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Why Duterte's 'red-baiting' of activists is dangerous

Bayan Secretary General Renato Reyes Jr stressed the activist groups President Rodrigo Duterte mentioned are “unarmed and are not engaged in armed struggle.” Noel Celis/AFP

MANILA, Philippines — President Rodrigo Duterte’s pronouncement that protest groups are in conspiracy with communists endangers activists' lives, leaders said.

In a televised speech in Pili, Camarines Sur on Tuesday, Duterte accused transport group Piston (Pinagkaisahang Samahan ng Tsuper at Opereytor Nationwide), human rights group Karapatan and labor group Kilusang Mayo Uno of committing rebellion alongside the Communist Party of the Philippines, which advocates armed struggle and has been in conflict with the government since 1969.

“This Karapatan, KMU, Piston, they are just the legal fronts of the Communist Party of the Philippines... It's one big conspiracy but they are at the same time—all of them—are committing right now rebellion. They are just helping each other,” Duterte, who identified himself as a leftist early in his term, said in English and Filipino.

He added: “It's a one big conspiracy, mayroon sila,  look at Piston, they have a star... that's the logo of the communists.”

Piston's logo is actually a stylized steering wheel and a map of the Philippines.

READDuterte says transport strike group 'committing a rebellion'

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'Dangerous, no basis'

Bagong Alayansang Makabayan Secretary General Renato Reyes Jr told Philstar.com in an online exchange that "these are very dangerous pronouncements coming from no less than the commander-in-chief.” 

Reyes also said that Duterte's claim about the protest groups has no basis because the activists he mentioned are “unarmed and are not engaged in armed struggle.”

Support for or membership in an activist group does not equate to membership in the CPP or the New People's Army. The president himself has claimed past membership in Kabataang Makabayan, now an underground youth group, but has said he is not a communist.

"I am a socialist, not a communist. We socialists are for the people," he declared at a campaign rally in April 2016.

Piston National President George San Mateo also said the president is putting the lives of his members in danger.

“The president is accusing us without giving evidence and without due process. Violation of our right to due process [is a violation of] basic human right,” San Mateo told Philstar.com.

Duterte's attacks came amid Piston's two-day nationwide strike to protest a jeepney modernization program that the group said would force small cooperatives and single-unit operators out of business.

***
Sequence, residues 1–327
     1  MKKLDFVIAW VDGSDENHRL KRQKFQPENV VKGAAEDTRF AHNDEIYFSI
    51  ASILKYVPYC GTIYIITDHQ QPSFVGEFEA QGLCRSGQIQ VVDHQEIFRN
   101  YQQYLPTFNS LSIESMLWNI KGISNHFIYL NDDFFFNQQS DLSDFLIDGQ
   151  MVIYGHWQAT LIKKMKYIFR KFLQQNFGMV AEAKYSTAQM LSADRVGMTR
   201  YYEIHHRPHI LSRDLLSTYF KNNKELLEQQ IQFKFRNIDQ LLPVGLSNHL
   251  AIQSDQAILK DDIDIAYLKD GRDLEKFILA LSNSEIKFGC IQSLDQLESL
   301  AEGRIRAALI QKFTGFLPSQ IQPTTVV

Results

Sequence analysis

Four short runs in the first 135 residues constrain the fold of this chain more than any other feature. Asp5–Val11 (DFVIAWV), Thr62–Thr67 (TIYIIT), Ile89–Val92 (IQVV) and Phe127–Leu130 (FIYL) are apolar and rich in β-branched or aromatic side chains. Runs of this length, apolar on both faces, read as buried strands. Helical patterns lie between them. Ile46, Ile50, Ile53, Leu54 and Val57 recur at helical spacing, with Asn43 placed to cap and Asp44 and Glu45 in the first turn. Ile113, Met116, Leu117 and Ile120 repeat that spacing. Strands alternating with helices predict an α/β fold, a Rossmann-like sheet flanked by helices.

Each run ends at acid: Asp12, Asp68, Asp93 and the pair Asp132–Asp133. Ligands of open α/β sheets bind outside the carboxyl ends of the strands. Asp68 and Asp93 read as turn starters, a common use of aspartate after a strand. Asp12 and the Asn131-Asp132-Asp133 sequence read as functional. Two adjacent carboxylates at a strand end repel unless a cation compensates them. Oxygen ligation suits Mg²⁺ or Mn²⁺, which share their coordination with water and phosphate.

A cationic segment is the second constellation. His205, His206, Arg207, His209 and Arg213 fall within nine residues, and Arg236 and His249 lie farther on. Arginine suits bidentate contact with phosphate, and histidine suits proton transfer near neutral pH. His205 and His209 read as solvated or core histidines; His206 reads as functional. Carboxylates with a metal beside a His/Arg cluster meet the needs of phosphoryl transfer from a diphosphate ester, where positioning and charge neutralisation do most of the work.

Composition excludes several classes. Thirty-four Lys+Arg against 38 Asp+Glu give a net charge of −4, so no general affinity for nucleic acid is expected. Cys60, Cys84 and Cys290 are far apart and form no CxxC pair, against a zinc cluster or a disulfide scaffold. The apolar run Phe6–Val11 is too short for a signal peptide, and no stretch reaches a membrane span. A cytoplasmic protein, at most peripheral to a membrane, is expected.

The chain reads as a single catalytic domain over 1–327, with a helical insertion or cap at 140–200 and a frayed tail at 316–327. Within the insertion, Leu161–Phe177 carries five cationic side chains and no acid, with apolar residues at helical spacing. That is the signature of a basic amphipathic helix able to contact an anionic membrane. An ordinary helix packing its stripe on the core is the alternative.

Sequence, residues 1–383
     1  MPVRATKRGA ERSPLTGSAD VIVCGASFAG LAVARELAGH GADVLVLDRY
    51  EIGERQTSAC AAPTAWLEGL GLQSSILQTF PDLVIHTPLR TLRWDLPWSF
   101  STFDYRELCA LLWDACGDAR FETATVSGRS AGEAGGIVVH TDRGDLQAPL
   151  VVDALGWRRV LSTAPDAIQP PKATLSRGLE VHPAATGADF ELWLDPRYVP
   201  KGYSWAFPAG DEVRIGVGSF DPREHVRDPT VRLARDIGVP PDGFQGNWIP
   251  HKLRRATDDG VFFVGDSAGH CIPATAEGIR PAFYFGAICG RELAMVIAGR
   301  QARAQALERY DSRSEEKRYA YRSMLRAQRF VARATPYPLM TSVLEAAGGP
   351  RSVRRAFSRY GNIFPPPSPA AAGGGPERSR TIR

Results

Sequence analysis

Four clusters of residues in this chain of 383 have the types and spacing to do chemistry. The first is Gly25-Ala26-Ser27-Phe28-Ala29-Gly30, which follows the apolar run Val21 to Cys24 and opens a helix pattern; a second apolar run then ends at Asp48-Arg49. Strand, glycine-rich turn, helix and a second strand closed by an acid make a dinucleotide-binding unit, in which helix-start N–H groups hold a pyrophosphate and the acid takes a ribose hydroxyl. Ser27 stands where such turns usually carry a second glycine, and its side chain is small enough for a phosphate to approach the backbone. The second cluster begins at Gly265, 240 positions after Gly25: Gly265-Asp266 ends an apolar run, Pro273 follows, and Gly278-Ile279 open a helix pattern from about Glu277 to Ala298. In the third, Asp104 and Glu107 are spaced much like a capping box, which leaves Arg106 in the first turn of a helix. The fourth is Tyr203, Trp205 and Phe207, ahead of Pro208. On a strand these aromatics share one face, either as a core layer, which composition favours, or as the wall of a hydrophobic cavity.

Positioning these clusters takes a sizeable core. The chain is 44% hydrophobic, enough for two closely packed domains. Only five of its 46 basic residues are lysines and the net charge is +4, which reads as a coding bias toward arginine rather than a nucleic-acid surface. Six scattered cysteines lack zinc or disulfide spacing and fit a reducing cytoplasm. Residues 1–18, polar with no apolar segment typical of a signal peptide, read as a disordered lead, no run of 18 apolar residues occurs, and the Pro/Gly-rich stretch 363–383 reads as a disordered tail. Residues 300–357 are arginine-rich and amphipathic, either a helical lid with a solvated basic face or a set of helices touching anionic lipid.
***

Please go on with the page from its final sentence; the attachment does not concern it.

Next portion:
READ: Why some transport groups oppose jeepney phaseout

The president said he would not change his mind to modernize the country's transport system. Jeepney drivers who continue to defy the transport modernization plan would be arrested, he said.

The chief executive has repeatedly accused left-leaning groups, the "Reds" — the CPP-NPA-National Democratic Front of the Philippines — and the Liberal Party of conspiring with the communists to oust him from office.

READDuterte warns ‘communist front’ Piston of arrest

Red-tagging, red-baiting

Reyes said Duterte’s pronouncement suggested that he was ordering state forces to persecute activists or file false charges against them.

“Is Duterte now signalling to the AFP to shoot activists? Is he setting the stage for a crackdown on a legal activists through the filing of trumped-up charges?” he said.

“The last time a president did this kind of red-tagging, hundreds of activists were killed and arrested, in one of the worst period for human rights in the Philippines, between 2005-2008,” Reyes noted.

Red-baiting, as defined by the International Peace Observers Network, is the practice of publicly and detractively classifying government-critical individuals and organizations as communist terrorists, state enemies or subversives.

The term red-baiting stemmed from the political campaign against communist elements in the United States during the 1950s.

The Bayan secretary general was referring to former president Gloria Macapagal Arroyo’s administration.

During her term, Arroyo institutionalized a counter-insurgency campaign called Oplan Bantay Laya which tagged organizations critical of the government like Bayan, KMU, among others as “communist fronts.”

According to the Karapatan 2009 Report on the human rights situation in the Philippines, there were a total of 1,188 victims of extrajudicial killings and 205 who have been forcibly disappeared since Arroyo assumed office in 2001.

Then United Nations Special Rapporteur on EJKs Philip Alston criticized the practice.

Alston called on Arroyo to “take concrete steps to put an end to those aspects of counterinsurgency operations which have led to the targeting and execution of many individuals working with civil society organizations.”

READ: Activists chant Duterte off rally stage

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